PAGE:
Mayor James Sottile, under pressure to produce a 2012 budget that comes in below a state-mandated 2 percent property tax hike cap, said that he may eliminate municipal trash collection. The move would force city residents to hire private haulers or make their own dump runs.
“I’m running the numbers right now and it looks like that is the direction we’re going to be forced to go in,” said Sottile, who added that he has not made a final decision on the issue.
The proposal calls for increasing hours at the city’s transfer station to six days per week by reassigning four of the 10 Department of Public Works employees currently assigned to trash pickup. The remaining six trash workers would be reassigned to other duties within the department. The savings, Sottile said, would come in the form of roughly $700,000 in tipping fees currently paid to the Ulster County Resource Recovery Agency to dispose of municipal trash. Those costs would essentially be passed on to city residents who would have to hire a private waste disposal company, or pay their own transfer station fees.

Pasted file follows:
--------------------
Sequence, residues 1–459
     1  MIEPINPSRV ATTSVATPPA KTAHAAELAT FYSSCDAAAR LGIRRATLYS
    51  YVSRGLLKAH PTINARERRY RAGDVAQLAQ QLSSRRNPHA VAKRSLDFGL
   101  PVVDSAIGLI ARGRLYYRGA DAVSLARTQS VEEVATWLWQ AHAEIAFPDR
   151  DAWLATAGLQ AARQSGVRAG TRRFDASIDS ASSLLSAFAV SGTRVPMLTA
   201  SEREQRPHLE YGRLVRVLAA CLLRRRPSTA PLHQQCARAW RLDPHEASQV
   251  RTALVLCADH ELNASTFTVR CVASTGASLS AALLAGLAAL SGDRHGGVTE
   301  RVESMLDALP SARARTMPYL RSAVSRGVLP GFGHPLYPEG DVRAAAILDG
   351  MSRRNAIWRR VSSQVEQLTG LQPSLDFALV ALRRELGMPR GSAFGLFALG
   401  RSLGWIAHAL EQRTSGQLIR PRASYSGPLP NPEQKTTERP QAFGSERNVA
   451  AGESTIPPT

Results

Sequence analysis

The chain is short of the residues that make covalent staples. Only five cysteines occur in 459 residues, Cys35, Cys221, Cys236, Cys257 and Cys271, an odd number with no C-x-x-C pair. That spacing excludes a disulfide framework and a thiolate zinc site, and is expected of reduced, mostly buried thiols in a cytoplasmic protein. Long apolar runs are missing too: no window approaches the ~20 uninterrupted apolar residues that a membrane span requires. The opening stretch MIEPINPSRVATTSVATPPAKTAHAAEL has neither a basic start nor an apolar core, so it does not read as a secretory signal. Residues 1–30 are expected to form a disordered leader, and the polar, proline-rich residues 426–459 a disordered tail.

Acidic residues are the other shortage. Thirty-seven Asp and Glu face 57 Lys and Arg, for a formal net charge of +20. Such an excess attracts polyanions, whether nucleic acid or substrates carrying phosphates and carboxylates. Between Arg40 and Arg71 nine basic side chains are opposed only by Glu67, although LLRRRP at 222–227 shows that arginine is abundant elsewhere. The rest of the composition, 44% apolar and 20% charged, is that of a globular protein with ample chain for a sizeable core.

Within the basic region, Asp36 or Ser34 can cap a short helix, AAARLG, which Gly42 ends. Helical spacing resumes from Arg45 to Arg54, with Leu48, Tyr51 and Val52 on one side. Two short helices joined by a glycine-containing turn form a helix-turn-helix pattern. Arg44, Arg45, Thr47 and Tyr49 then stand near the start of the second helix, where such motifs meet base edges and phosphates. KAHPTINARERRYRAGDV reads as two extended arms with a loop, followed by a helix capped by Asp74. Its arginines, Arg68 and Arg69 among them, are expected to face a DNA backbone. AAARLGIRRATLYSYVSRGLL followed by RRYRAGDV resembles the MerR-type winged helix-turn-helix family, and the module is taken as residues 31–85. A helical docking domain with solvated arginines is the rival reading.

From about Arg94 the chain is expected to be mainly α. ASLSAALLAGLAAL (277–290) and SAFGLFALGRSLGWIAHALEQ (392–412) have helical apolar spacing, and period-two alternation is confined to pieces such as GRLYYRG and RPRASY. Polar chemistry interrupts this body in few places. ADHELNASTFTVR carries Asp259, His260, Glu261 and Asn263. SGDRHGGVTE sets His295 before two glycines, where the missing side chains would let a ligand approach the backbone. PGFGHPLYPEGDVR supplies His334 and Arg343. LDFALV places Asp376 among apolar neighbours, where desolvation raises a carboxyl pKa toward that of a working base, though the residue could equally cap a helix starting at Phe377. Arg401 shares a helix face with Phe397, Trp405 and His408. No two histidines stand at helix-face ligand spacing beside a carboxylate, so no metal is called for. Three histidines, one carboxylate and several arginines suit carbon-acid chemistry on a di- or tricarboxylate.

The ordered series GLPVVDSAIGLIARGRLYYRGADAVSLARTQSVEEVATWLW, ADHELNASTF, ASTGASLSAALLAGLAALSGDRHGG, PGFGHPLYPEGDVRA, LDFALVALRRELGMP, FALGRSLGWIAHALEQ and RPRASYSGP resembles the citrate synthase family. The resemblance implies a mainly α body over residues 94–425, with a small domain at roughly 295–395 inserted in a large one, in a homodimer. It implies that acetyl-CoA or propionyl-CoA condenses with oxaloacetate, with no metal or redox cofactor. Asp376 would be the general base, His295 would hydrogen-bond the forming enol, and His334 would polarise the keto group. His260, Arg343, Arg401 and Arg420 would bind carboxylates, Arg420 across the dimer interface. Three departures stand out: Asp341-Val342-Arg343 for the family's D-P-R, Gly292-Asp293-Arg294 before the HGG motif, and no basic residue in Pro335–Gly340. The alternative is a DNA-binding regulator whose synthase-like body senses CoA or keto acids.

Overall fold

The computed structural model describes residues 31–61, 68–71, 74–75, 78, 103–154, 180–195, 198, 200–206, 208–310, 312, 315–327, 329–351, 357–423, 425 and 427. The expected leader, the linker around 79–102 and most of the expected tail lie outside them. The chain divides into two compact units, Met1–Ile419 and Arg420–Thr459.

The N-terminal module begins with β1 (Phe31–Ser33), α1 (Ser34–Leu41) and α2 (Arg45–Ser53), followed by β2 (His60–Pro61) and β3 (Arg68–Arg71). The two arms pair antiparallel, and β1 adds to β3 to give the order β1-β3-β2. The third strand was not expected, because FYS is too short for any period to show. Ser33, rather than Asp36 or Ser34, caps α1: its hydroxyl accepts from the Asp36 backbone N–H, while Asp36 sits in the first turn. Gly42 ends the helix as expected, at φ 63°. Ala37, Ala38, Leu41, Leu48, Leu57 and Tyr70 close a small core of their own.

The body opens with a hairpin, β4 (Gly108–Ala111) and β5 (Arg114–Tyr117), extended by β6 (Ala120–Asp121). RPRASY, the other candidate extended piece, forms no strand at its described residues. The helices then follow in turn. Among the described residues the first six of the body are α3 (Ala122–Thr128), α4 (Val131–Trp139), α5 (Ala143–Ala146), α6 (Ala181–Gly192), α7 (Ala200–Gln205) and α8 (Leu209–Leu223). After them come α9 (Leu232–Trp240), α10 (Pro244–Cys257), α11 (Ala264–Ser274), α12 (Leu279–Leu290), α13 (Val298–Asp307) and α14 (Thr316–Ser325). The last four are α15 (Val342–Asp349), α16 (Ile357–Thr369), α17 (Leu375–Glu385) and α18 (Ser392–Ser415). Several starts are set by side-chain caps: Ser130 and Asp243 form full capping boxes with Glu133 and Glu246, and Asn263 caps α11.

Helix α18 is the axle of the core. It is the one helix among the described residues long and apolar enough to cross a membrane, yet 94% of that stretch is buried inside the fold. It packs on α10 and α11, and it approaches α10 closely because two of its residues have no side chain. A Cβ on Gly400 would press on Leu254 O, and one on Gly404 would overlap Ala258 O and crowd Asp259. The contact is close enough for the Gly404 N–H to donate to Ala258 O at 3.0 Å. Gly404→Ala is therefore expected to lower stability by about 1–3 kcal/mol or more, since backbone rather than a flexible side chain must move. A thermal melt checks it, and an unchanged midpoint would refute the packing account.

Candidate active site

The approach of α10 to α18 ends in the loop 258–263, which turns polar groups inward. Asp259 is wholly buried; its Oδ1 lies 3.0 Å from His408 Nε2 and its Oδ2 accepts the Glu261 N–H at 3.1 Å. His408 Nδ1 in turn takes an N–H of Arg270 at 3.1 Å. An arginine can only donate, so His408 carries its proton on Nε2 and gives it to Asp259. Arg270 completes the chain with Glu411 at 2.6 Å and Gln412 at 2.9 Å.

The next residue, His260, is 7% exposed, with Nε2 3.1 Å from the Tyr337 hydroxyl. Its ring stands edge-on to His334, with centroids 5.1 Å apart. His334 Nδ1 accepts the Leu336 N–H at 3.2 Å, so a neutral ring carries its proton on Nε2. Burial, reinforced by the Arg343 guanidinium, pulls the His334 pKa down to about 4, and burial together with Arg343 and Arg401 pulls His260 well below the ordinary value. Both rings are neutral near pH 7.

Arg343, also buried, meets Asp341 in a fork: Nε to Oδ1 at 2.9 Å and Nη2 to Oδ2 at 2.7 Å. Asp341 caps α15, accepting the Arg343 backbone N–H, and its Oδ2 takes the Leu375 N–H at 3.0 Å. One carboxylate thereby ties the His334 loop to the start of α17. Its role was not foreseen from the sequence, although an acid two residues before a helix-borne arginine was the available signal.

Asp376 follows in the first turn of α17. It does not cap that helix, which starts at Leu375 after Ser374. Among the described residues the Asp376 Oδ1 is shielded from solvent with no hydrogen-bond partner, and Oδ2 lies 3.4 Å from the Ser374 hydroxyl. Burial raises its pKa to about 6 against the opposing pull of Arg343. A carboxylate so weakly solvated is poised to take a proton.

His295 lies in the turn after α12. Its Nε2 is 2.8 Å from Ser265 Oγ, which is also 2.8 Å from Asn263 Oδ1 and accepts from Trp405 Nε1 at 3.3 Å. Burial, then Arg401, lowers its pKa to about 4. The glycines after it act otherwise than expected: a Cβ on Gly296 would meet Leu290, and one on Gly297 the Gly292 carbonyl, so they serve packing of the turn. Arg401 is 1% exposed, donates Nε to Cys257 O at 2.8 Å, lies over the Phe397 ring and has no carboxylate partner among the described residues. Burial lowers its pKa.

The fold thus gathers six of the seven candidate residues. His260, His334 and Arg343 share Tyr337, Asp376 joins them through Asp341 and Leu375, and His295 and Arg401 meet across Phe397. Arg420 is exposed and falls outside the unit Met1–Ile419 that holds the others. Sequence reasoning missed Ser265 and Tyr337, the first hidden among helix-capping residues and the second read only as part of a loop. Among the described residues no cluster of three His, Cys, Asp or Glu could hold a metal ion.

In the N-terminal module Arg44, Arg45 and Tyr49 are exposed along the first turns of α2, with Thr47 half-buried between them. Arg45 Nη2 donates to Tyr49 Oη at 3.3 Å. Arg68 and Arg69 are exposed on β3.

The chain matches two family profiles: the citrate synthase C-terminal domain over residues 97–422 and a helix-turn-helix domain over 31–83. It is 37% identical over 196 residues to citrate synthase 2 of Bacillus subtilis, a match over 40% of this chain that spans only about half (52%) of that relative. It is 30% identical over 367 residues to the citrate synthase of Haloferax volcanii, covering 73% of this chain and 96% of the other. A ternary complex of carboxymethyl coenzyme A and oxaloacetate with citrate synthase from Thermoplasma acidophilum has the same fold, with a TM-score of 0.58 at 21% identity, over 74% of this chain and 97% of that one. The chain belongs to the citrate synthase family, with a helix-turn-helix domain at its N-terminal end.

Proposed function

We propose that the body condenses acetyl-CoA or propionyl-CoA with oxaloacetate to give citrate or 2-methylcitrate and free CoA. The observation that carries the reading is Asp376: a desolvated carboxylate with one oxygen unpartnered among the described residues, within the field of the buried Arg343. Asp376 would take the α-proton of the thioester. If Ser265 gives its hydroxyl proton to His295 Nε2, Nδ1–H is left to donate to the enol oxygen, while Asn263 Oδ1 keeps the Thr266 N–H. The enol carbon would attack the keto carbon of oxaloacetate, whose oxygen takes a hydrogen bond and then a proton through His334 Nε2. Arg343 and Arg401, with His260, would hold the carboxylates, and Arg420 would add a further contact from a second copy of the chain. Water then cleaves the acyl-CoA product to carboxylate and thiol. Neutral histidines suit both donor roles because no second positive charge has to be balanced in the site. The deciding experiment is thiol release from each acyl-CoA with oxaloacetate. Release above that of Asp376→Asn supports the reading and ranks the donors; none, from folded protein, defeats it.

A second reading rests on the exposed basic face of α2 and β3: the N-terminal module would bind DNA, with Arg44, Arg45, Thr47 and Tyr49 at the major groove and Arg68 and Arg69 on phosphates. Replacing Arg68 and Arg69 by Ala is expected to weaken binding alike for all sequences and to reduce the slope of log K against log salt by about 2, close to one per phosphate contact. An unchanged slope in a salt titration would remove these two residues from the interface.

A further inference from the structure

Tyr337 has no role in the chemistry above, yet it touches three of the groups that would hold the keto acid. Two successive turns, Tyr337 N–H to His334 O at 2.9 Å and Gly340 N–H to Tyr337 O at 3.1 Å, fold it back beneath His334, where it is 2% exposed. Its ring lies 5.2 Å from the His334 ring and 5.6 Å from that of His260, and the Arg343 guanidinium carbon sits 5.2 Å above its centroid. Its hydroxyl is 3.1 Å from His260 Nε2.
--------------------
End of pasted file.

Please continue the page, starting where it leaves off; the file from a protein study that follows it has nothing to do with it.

“Unfortunately, we’re to a point now where we are reducing services,” said Sottile. “We have no choice.”
Sottile, who is not running for re-election, said a new state law which caps annual property tax hikes at 2 percent has made cuts in services inevitable. The law, signed by Gov. Andrew Cuomo earlier this year, takes effect in 2012. According to Sottile, Kingston will need to cut $1.7 million from current spending levels to comply with the cap. The law contains a significant loophole, though — municipalities can exceed the cap with a supermajority vote of a governing body. In Kingston’s case, six of nine council members would need to vote to exceed the tax cap. Sottile, who has until October to present a draft budget to the Common Council, said he intends to produce a spending plan in line with the tax cap, even if it means instituting unpopular cuts.